At the end of a meeting where the consequences of Russia’s aggression against Ukraine figured high on the agenda, the Foreign Affairs Ministers of the Council of Europe’s 46 member States decided that the organisation should not emerge weakened from the crisis but, on the contrary, strengthened. They reaffirmed their commitment to the values of the Council of Europe and its work in the field of human rights, democracy and the rule of law, and committed themselves to guarantee the sustainability of the organisation.
Reiterating their firm condemnation of all Russia’s violations of human rights and international law, including attacks against civilians and civilian infrastructure in Ukraine and cultural and religious heritage, the Ministers called on Russia to immediately cease its aggression, withdraw its occupation forces from the territory of Ukraine and release all abducted civilians, including those forcibly transferred to the territory of the Russian Federation. The Ministers pledged to mobilise all the Council of Europe’s capacity to ensure the Russian Federation’s full accountability for the human rights violations committed.
They underlined that Russia bore the sole responsibility for depriving persons under its jurisdiction of the protection afforded by the European Convention on Human Rights, as from 16 September 2022, while reiterating its obligation to fully execute the final judgments of the Strasbourg Court.
The Committee of Ministers reiterated its full support to and solidarity with Ukraine and its unwavering commitment to the independence, sovereignty and respect for the territorial integrity of Ukraine within its internationally recognised borders. The ministers also decided to adopt an adjusted Action Plan for Ukraine (2018-2022) including measures to protect displaced persons, support legal professionals, provide advice with regard to the European Convention on Human Rights, document human rights violations, protect children’s rights, combat violence against women and trafficking, protect vulnerable groups including Roma, and prevent discrimination, as well as measures to support Ukrainian media and the judiciary.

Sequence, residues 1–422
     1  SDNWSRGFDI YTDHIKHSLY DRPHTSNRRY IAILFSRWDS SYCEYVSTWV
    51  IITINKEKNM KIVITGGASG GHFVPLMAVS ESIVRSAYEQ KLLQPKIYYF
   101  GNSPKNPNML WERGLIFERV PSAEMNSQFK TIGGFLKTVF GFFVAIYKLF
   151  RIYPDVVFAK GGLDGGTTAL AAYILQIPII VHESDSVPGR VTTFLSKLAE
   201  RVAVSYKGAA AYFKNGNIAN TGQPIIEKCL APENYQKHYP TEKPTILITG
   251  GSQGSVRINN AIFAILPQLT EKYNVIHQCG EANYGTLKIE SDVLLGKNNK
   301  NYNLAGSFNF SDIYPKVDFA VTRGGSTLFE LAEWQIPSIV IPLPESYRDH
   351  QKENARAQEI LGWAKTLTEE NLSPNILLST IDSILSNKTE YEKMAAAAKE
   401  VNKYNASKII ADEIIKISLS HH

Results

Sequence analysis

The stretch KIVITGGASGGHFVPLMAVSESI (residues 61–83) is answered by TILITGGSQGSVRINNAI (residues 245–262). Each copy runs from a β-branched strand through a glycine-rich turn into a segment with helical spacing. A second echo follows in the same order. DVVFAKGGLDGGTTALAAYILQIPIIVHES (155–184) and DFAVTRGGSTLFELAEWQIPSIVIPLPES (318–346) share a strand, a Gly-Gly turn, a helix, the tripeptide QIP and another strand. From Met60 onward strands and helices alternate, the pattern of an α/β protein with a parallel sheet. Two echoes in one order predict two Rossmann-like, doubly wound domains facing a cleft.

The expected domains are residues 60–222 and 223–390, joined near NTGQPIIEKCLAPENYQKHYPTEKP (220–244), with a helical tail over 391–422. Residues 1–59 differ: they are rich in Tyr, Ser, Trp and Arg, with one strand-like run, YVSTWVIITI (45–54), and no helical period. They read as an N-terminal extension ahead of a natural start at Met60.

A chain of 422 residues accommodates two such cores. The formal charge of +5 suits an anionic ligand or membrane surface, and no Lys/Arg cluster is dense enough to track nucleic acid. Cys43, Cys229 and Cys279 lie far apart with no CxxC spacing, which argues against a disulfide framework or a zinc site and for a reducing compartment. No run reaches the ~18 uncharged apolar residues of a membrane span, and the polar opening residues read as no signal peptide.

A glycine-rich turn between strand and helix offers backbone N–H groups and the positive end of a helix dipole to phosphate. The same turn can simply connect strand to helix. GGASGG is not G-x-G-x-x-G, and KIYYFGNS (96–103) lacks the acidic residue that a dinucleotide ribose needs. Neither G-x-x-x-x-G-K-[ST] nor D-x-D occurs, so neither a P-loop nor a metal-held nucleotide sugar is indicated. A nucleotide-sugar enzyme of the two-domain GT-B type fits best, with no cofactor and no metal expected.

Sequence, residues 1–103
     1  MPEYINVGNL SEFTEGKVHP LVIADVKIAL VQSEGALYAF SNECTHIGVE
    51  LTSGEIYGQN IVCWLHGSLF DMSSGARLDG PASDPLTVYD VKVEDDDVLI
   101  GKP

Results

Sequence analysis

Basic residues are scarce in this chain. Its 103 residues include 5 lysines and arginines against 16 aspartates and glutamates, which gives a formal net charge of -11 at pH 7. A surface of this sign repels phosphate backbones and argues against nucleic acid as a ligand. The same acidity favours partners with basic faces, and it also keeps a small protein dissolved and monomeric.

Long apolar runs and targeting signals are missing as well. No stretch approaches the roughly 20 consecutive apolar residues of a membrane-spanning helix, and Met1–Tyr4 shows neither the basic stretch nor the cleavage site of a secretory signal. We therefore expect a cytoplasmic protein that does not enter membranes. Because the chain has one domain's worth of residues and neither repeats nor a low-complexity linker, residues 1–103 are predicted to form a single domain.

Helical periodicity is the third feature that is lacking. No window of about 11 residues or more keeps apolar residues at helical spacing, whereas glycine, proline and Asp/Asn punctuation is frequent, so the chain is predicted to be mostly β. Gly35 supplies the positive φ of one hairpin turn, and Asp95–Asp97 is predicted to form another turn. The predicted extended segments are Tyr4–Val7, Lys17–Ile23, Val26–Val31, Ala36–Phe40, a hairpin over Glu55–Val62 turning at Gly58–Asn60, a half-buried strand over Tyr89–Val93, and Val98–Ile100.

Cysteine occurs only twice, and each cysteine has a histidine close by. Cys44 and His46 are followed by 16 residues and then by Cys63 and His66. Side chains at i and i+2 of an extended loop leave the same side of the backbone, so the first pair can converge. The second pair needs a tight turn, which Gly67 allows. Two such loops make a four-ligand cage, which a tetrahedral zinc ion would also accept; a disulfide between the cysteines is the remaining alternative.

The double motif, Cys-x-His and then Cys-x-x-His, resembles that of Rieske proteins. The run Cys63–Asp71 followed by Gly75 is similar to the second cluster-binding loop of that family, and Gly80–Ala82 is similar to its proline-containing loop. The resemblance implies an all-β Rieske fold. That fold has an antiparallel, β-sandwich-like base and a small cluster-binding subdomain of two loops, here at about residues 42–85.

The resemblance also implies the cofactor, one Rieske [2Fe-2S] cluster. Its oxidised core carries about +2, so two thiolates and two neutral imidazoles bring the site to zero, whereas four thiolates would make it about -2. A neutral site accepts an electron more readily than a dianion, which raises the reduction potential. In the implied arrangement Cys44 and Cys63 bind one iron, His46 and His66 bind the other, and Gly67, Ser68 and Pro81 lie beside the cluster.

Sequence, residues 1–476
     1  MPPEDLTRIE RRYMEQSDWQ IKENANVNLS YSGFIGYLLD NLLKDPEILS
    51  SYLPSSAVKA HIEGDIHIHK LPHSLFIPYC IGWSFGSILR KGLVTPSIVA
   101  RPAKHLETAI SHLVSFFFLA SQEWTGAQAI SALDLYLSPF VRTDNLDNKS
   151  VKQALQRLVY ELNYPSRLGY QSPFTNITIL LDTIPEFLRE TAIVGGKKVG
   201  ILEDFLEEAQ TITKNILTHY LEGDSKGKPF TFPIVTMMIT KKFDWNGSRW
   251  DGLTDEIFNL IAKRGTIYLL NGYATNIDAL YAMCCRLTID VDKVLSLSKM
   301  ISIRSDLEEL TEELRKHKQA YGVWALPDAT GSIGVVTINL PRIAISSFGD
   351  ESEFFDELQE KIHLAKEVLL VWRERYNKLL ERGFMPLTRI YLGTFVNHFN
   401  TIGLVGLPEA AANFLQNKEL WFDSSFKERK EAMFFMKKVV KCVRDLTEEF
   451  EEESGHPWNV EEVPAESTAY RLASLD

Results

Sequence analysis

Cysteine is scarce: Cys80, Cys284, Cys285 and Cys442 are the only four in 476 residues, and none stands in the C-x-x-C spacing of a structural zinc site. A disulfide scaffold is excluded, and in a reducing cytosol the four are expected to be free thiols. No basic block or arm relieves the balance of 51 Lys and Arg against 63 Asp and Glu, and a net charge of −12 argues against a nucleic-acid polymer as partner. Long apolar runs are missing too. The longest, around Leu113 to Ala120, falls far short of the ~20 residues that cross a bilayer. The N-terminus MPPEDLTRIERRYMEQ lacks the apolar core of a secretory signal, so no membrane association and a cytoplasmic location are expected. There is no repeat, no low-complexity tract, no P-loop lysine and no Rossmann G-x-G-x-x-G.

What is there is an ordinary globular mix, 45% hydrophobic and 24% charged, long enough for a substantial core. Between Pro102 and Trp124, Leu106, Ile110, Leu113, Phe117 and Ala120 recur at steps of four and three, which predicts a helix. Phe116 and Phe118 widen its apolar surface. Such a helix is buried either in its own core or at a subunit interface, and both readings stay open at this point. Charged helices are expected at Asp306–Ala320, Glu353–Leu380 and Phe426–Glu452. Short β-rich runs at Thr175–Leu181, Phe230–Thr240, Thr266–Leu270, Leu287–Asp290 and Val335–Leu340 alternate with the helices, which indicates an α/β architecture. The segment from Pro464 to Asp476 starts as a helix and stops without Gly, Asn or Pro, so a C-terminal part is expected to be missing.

In addition, the Ministers stressed the need to review the Council of Europe’s priorities in the light of the new reality of the continent and to strengthen the development throughout Europe of the organisation’s values, in particular through co-operation with civil society, including in Russia and in Belarus. In order to ensure the organisation’s sustainability and its ability to carry out its mission and mandate effectively, the Ministers decided to collectively ensure the financial resources to fill the gap in its 2022 Budget, following Russia’s exclusion on 16 March. The Committee of Ministers will also consider holding a 4th Summit of Heads of State and Government.
At its meeting, the Committee of Ministers adopted three Recommendations:
- Recommendation on protecting the rights of migrant, refugee and asylum-seeking women;
- Recommendation on combating hate speech;
- Recommendation on the role of culture, cultural heritage and landscape in helping to address global challenges.
Finally, the Committee of Ministers asked its Deputies to proceed with the elaboration of a legally binding instrument on artificial intelligence and human rights, democracy and the rule of law, to finalise un draft recommendation on human rights and the protection of the environment and to ensure the implementation of the reform of the European Social Charter system in 2023. It also called on all Parties to the Convention on Cybercrime to sign and ratify the Second Additional Protocol on enhanced co-operation and disclosure of electronic evidence (opened for signature on 12 May) and Council of Europe member states to sign and ratify the Convention on Access to Official Documents. With respect to the European Union, the main institutional partner of the Council of Europe in political, legal and financial terms, the ministers recalled the importance for the EU to accede to the European Convention on Human Rights.